Verena Lemberger is business developer of the talent platform Academy Cube, which develops digital careers together with talents worldwide by offering easy access to courses and curricula that are linked to the jobs of the future. She also supports young people to develop their digital career.
We recently checked in with Verena to get her insight on what IT professionals need to know about increasing their value on the job and negotiating fair salaries. Here’s what she shared:
What are the current challenges to those interested in developing their digital careers today? Where do job seekers become frustrated?
Many talents are either missing business-related skills or they are well educated in this fields and are lacking IT skills. However, there is no need to fear digitalization. It’s simply the process of making our daily work easier and automated. Young people, the so called Generation Y, know technology from the beginning and are familiar with it.
First, I think for job seekers it’s frustrating when they are perceived as one common, “standardized” group. Everyone nowadays wants to work as an individual but most of the companies do not support this wish, based on older structures and practices. We always talk about making our world more digital, but the main challenge is to define the right structures for this. Job seekers are open minded and willing to learn the skills they are lacking. When they get employed and cannot fulfill their talent because of a misleading structure they get frustrated.
What IT skillsets are most in demand right now? What are employers looking for?
The combination of IT business processes and strategy-related skills are an ideal mix to work in digitalization. We support these skills and our main focus group is business students who are willing to get to know the area of digitalization. We also observe that there is a high demand for “techies” (like JAVA developers) who have strong soft skills in collaboration and an understanding for different viewpoints and interest groups.
How can job seekers ensure they’re qualified for these in-demand positions?
Every position is different. Some of our partners provide the opportunity to learn company-specific skills right before starting the job. Nevertheless, there is an onboarding phase necessary to get to know the specific culture, structure and needs of a company – even if someone has worked in a similar position in another company before. Therefore, we offer a wide range of courses to guarantee a mixture between highly demanded IT qualifications (for example SAP software know how) as well as courses for personal development which are also interesting in the phase of applications.
What tools should IT professionals be using today to determine what they’re worth? How does having a clearer picture of their value improve an IT professionals ability to negotiate a fair salary?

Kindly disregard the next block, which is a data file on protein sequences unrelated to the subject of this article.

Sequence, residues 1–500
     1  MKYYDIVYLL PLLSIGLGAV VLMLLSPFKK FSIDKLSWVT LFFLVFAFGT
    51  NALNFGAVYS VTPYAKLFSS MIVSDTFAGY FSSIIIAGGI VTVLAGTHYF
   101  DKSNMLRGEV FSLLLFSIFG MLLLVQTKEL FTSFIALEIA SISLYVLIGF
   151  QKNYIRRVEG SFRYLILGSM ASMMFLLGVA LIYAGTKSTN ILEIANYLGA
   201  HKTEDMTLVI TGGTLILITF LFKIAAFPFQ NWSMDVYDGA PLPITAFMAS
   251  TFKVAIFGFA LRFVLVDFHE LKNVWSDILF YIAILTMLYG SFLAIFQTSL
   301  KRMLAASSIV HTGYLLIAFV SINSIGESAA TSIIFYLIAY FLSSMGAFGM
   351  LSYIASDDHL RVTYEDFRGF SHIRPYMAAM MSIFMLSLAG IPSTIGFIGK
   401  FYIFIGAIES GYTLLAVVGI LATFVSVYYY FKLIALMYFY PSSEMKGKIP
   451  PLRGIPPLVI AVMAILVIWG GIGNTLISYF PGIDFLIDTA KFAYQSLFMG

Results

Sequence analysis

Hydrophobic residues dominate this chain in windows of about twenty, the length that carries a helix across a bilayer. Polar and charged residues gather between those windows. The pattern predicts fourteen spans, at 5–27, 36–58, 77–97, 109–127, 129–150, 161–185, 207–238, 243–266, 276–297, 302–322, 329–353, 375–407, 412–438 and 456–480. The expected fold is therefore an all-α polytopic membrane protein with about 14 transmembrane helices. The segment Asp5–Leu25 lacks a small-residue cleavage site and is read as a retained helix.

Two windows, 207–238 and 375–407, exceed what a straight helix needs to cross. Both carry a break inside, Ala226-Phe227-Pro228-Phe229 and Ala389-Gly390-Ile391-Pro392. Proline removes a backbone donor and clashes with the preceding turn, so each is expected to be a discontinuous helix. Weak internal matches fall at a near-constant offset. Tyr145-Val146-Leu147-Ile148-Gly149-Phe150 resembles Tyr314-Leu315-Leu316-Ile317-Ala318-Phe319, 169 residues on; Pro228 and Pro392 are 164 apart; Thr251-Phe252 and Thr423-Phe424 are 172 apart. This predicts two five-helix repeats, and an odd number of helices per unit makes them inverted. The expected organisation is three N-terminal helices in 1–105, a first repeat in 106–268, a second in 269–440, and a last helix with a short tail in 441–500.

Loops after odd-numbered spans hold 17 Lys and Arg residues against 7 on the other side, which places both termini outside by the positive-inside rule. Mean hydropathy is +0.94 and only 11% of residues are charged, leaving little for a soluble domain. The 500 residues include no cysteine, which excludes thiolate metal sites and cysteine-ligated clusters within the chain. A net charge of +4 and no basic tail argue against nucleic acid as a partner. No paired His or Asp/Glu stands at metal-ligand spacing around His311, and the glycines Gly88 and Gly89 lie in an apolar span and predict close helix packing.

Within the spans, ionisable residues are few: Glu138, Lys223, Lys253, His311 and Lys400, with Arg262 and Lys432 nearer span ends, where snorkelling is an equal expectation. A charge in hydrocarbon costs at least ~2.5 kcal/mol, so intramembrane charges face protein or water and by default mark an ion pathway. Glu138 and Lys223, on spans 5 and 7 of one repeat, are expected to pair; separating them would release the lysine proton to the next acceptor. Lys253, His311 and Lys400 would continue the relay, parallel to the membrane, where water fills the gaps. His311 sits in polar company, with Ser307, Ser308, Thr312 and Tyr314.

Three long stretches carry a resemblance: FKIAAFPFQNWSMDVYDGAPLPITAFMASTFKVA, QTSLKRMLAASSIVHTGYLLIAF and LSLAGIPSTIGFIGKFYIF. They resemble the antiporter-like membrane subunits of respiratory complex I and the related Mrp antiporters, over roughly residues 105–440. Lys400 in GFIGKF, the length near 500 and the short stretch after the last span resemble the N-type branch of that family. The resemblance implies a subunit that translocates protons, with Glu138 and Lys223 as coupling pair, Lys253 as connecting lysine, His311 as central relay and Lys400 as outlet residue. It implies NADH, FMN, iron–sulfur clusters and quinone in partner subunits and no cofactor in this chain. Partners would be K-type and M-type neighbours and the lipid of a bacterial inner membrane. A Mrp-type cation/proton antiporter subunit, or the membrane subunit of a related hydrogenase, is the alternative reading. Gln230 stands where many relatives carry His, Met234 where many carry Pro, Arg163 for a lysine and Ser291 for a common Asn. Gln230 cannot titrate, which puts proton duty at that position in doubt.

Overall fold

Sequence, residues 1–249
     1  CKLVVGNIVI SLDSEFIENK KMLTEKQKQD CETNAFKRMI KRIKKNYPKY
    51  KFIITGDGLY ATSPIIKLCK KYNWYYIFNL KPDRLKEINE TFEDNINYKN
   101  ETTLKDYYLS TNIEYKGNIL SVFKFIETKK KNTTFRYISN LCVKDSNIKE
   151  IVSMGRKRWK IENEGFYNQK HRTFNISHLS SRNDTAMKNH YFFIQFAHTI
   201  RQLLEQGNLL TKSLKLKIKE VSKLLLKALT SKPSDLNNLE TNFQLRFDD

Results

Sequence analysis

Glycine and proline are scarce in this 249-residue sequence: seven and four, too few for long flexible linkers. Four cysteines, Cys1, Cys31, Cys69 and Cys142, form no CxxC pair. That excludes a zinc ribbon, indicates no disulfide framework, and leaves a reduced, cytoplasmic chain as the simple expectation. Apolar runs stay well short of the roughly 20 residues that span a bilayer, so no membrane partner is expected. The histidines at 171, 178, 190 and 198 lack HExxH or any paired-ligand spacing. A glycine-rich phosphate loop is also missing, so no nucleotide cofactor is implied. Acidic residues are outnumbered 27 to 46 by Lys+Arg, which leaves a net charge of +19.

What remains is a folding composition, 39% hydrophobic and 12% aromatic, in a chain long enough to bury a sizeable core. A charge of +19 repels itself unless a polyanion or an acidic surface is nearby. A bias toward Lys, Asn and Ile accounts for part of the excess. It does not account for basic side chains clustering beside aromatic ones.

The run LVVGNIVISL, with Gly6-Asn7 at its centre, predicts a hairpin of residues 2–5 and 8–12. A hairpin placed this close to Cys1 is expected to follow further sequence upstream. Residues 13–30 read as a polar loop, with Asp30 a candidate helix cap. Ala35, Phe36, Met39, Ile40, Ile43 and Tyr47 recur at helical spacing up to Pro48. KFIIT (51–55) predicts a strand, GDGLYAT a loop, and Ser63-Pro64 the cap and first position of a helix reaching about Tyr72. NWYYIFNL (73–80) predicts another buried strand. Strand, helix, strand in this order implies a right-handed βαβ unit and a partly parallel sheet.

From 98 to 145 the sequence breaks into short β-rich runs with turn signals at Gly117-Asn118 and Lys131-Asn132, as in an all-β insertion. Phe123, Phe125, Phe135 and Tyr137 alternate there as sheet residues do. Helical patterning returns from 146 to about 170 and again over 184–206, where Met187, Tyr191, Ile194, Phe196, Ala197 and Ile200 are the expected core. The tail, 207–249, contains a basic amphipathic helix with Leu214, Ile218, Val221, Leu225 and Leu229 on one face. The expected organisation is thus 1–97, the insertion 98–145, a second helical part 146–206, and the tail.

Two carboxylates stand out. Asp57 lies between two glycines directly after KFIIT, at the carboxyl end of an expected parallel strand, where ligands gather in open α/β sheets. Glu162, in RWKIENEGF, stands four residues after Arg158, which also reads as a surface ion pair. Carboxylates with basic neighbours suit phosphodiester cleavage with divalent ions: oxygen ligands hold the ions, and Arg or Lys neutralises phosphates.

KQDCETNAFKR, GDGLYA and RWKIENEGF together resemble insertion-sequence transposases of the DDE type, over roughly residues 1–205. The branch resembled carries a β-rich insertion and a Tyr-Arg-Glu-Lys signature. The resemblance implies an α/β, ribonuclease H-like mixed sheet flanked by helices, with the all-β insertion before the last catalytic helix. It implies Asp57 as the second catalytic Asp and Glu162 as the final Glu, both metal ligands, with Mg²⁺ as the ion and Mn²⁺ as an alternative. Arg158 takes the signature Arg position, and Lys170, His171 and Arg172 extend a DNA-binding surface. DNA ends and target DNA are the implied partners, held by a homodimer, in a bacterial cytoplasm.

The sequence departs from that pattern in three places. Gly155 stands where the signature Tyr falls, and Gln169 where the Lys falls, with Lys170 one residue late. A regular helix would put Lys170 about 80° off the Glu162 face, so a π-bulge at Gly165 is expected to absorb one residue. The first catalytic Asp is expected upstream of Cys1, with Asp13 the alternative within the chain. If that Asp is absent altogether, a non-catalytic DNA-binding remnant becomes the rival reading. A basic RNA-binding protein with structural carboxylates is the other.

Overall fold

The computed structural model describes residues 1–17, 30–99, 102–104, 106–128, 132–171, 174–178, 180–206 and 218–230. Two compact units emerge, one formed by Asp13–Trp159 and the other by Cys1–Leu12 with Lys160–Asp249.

First of all, a professional needs to know his/her own value before starting to negotiate. Paysa is a great place to start and further research on the internet can give you a first impression about a realistic range you can go for. In addition, we usually have a network where we can ask for advice or information about industry specific salary or standards. Furthermore, it is important to ask yourself, what are my monthly expenses? What do I need to earn to cover my personal expenses like in rent, food, leisure? This amount should always be the minimum – but you should definitely start the negotiation with the demand for a higher salary to ensure that, in the end, you will at least get your minimum target. You also need to consider wage differences in different countries. The cost of living, the benefits and standards need to be researched before.
What advice can you offer IT professionals on negotiating a fair salary? What are the dos and don’ts of salary negotiations in this field?
Know your value and sell yourself. Inform yourself about the company and try to gather as much information as possible before going into negotiations.
What should IT professionals be doing today to improve their value to their potential employers? What types of training should they receive?
To increase the own value on the labor market, firstly, it is important to be able to work as generalist and to have specific skills which are important for the company. Also, certificates that are acknowledged worldwide increase one’s value – for example CISCO CCNA certification is a must in the area of network and security. SAP Terp10 is a must for SAP consultants and if you are working with social media the standard certificates from Google or Facebook might also be a good idea. But these are only the most-known offers. Most companies acknowledge when you have completed any courses that show that you are willing to learn something and improve in specific fields.
What trends or headlines are you following in the world of IT recruiting today? Why do they interest you?
I am really interested in the development of standards. Standards in digitalization, in certification and in job roles and skill sets. I studied business and management with a specialization in supply chain management and logistics. In this area standards play an important role as well as the ability to getting better through collaboration. I am really looking forward to the future development here and hope that industries will work even closer together to become standardized and learn from each other.
Learn more about what you’re worth. Visit paysa.com.